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Tag: Gay Pride

Christians Say the Darnedest Things: Pride Month is the Worship of Sex Says Evangelical Robby Lashua

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Scripture says that pride comes before a fall (Prov. 16:18). In America, pride comes before July—for an entire month. I don’t know how your June was, but mine was permeated with a steady stream of multi-colored imagery. It’s the time of year when companies, sports teams, and politicians change their branding to incorporate the new religious icon of our time, the rainbow.

I know this month-long celebration of sin can be discouraging for you. It discourages me. It’s sad to watch our culture glorify the rejection of God’s design for human sexuality and for human flourishing. On top of that, it’s so in your face. Even going to the grocery store requires maneuvering a minefield of rainbow propaganda.

Staying discouraged won’t help us. What we need instead is clear thinking from a biblical perspective to help us move away from discouragement and toward compassion. Here are three observations that might help.

First, Pride Month confirms Romans 1. Paul gives us a compact explanation of what happens when societies reject God. They become futile in their thinking, they become foolish in their hearts, and they exchange worship of God for worship of idols. Then God gives them over to homosexual sin (Rom. 1:21–27). Sound familiar?

Humans are worshipers. It’s a trait inherent in all of us. We cannot help but worship. But who or what will we worship? According to Romans 1, there are only two options: the Creator or the creation. When people reject the Creator, then something in his creation fills the void.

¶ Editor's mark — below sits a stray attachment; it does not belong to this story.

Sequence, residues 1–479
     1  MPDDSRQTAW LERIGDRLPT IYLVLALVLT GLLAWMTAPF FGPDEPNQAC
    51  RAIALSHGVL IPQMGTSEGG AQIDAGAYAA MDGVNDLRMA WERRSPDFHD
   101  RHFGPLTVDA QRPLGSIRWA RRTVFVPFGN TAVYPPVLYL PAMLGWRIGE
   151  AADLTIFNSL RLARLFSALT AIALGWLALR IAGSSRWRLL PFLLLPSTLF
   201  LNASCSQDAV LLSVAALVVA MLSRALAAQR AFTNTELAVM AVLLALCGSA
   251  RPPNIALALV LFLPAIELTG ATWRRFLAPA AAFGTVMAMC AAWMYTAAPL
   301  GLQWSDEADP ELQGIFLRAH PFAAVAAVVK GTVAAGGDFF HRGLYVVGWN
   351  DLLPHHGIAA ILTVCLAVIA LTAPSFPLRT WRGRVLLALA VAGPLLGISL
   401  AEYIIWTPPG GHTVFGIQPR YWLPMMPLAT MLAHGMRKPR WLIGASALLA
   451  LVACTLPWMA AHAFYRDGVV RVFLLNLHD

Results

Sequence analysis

Sex is one of the most popular idols of all time. Our culture is obsessed with it. Pride Month is not merely the worship of sex, though. June has become a month-long celebration of sexual identities completely contrary to God’s design. All hail the idol of LGBTQIA2S+. Futile, foolish, idol worship—Romans 1 proven true again.

Second, Pride Month is nothing new. Pagans have confiscated calendar months before.

Roman Emperor Julius Caesar instituted huge reforms to the calendar. Proud of his effort, he decided to rename his birth month after himself, changing the name from Quintilis to Julius. We call it July.

Not to be outdone, Caesar Augustus renamed a month after himself, too. Sextilis has ever since been called August. Just when you thought you were done with month-long celebrations of pagan idols, you now have two more months to go.

My point is that the identification of pagan rulers, pagan causes, and pagan idols with calendar months is nothing new. Pride Month is exactly what prideful human beings do when they deny their Creator. They mark the passage of time with the thing their hearts worship—usually themselves.